Microsomal fractions of human liver and heart, and lysates of coronary artery and aorta were separated by electrophoresis and subjected to immunoblotting using antibodies to CYP2C8, CYP2C9, and CYP2J2. Recombinant human CYP2C8, CYP2C9, CYP2J2, CYP2C18 and CYP2C19 proteins were used as standards. A polyclonal antibody to CYP2C8 detected recombinant CYP2C8 as an immunoreactive band at 55 kD, as shown by the arrow (Fig. 2A). The CYP2C8 antibody did not cross-react with recombinant CYP2C18, CYP2C19 or CYP2J2 proteins. Although the CYP2C8 antibody cross-reacts slightly with recombinant CYP2C9, the two proteins can be distinguished by their electrophoretic mobilities. An immunoreactive polypeptide band with molecular mobility identical to that of recombinant CYP2C8 protein was detected at comparable levels in all of the human heart microsomal samples except for heart H, where limited amounts of heart microsomes probably prevented detection of this protein. The amounts of CYP2C8 protein in the heart microsomes were estimated to be 0.20 ± 0.02 pmol/mg tissue by comparison with recombinant standards. The CYP2C9 antibody did not cross-react with recombinant CYP2C8 or CYP2J2 protein. Although the CYP2C9 antibody cross reacted slightly with recombinant CYPC19, the two proteins can be distinguished by their mobilities. CYP2C9 protein was below the level of detection in immunoblots of most heart microsomes with the exception of heart H. Despite the limited amount of this heart sample, CYP2C9 was clearly detected at relatively high levels (~5.5 pmol/mg). Notably, heart H also contained high amounts of CYP2C9 mRNA (Fig. 2A). The CYP2J2 antibody did not cross-react with recombinant CYP2C8, CYP2C9, CYP2C18 proteins. CYP2J2 protein was detected in at relatively high levels in individual heart microsomes, but showed some interindividual variability (0.05–0.4 pmol/mg; mean = 0.17 ± 0.05 pmol/mg) (Fig. 2A).
In lysates from human aorta, CYP2C9 protein was detected at relatively high levels in tissues from all five individuals (1.3 ± 0.3 pmol/mg) (Fig. 2B). CYP2J2 protein was also detected on the immunoblots of the aorta lysates, albeit at significantly lower levels (0.055±0.004 pmol/mg) than CYP2C9 protein (p ≤ .01). CYP2C8 protein was not detected in human aorta by immunoblotting (<0.03 pmol/mg). The faint band detected with the CYP2C8 antibody has a slightly lower electrophoretic mobility (higher molecular weight) than CYP2C8 and probably represent cross-reactivity with CYP2C9 protein.
In lysates from human coronary arteries, CYP2C9 protein was detected in all five samples (1.7 ± 0.2 pmol/mg) (Fig. 2C). Significantly smaller amounts of CYP2J2 (0.06 ± 0.01) pmol/mg) (p=0.001) were also detected in all coronary artery samples, while CYP2C8 protein was not detected in lysates of any of the coronary samples tested (<0.03 pmol/mg). As with aorta, a slightly higher molecular weight immunoreactive band was detected in the coronary artery samples with the antibody to CYP2C8, probably representing cross-reactivity to CYP2C9 protein.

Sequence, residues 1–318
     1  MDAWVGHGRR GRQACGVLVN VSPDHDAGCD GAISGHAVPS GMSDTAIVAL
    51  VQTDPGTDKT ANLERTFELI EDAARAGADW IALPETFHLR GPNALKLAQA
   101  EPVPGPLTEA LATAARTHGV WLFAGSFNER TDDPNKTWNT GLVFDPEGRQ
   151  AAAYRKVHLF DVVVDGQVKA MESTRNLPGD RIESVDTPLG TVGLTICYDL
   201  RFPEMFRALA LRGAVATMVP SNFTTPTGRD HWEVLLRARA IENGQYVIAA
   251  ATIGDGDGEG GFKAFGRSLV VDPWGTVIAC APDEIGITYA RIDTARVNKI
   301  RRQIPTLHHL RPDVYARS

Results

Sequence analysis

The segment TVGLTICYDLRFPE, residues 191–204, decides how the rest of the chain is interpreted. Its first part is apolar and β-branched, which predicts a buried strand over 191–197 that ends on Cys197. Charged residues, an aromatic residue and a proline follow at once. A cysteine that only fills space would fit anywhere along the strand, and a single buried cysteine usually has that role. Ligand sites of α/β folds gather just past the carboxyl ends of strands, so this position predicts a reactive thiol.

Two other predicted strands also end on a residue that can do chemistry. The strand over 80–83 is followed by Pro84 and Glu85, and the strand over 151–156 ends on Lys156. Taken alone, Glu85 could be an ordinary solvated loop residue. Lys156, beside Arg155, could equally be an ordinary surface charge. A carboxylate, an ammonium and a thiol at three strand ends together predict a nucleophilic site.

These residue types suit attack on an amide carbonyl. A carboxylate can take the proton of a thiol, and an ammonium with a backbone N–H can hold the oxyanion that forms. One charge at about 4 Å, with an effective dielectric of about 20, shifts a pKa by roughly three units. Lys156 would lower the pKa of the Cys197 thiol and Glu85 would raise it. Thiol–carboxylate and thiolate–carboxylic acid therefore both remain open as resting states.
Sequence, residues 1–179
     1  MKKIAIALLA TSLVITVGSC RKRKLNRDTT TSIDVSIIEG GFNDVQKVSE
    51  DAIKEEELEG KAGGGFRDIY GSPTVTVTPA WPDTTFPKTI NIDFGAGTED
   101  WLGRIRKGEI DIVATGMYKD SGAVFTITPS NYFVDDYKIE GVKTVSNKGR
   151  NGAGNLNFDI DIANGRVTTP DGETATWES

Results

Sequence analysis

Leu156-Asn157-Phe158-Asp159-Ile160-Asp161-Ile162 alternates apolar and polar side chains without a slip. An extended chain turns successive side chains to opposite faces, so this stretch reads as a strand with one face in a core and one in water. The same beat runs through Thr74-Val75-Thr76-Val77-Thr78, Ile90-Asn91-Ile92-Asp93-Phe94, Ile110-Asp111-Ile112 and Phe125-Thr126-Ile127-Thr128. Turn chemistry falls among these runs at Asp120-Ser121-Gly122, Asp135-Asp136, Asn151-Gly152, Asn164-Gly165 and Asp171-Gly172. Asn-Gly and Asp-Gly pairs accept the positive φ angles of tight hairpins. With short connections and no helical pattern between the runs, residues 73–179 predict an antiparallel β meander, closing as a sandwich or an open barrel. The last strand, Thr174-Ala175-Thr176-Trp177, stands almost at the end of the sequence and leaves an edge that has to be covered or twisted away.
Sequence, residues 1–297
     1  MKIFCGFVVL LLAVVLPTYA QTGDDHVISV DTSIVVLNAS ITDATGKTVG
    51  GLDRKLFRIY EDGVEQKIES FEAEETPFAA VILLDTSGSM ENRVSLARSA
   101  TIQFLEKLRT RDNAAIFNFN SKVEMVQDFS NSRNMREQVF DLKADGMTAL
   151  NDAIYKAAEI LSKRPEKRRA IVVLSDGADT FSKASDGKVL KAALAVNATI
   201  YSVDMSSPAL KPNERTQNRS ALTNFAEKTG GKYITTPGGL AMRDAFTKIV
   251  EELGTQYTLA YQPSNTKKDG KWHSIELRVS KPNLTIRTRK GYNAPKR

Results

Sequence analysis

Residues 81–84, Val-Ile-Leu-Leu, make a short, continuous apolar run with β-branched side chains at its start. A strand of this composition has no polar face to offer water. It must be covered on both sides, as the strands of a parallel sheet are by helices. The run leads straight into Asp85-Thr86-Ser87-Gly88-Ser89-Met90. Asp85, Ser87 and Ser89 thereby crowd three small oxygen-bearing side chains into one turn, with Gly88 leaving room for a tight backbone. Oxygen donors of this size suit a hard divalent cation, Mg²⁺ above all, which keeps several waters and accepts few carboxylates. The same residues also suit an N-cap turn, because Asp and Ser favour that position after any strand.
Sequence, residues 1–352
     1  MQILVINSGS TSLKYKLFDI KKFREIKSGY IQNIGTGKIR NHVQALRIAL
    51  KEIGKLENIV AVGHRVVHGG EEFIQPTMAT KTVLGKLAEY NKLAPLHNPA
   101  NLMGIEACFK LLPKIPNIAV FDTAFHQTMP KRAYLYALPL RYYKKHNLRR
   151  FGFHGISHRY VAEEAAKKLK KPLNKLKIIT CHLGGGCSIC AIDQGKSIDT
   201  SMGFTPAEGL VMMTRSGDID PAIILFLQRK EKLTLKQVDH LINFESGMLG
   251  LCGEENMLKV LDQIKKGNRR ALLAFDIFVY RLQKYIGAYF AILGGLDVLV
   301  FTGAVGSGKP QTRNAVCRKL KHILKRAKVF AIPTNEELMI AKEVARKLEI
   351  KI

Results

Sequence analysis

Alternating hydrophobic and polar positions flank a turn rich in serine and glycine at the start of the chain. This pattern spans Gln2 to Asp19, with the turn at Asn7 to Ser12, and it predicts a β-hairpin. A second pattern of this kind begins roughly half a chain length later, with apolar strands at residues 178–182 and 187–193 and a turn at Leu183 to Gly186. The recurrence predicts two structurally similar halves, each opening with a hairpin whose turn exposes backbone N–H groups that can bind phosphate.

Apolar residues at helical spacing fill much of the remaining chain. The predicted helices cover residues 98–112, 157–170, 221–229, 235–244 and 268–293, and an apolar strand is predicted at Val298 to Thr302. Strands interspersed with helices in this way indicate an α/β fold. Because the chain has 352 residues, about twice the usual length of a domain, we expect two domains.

Immunohistochemical staining with the CYP2J2 antibody revealed that CYP2J2 protein was expressed in the cytoplasm of the cardiomyocytes of heart G, as well as in the endothelium of the blood vessels at a 3+ intensity level (out of a 0 to +4 scale). Immunohistochemical staining with the CYP2C8 antibody within heart G revealed more prominent expression of the CYP2C8 protein in the subendocardial zone of the myocardium (2+ intensity) than in the central portion of the myocardium (1+ intensity). Some, but not all, of the blood vessels in the myocardium also exhibited weak (1+ intensity) staining of the endothelium with the CYP2C8 antibody (Fig. 3). CYP2C9 protein could not be detected in heart G or heart H by immunohistochemistry with our antibody to CYP2C9.
There have been numerous studies in recent years that have shed light on the potential importance of the cytochrome P450 enzyme superfamily in arachidonic acid metabolism and their physiological role in cardiovascular tissues (Roman, 2002; Gottlieb, 2003; Spiecker and Liao, 2005; Elbekai and El-Kadi, 2006). EET metabolites of CYP enzymes have a number of roles in the vasculature including their involvement in the relaxation of smooth muscle via activation of Ca2+-sensitive K+ channels and vasodilation. Despite an increasing amount of information supporting a physiological role of these enzymes in the cardiovascular tissue, studies identifying the individual CYP isoforms present in these tissues have been limited (Thum and Borlak, 2000; Larsen et al., 2006). It is widely accepted that CYP2J2 is the principal cytochrome P450 enzyme expressed in human heart at the mRNA and protein level (Wu et al., 1996; Node et al., 1999). The present study provides evidence for the relative expression of CYP2J2, CYP2C9, and CYP2C8 in cardiovascular tissues using specific PCR primers and antibodies to these isoforms.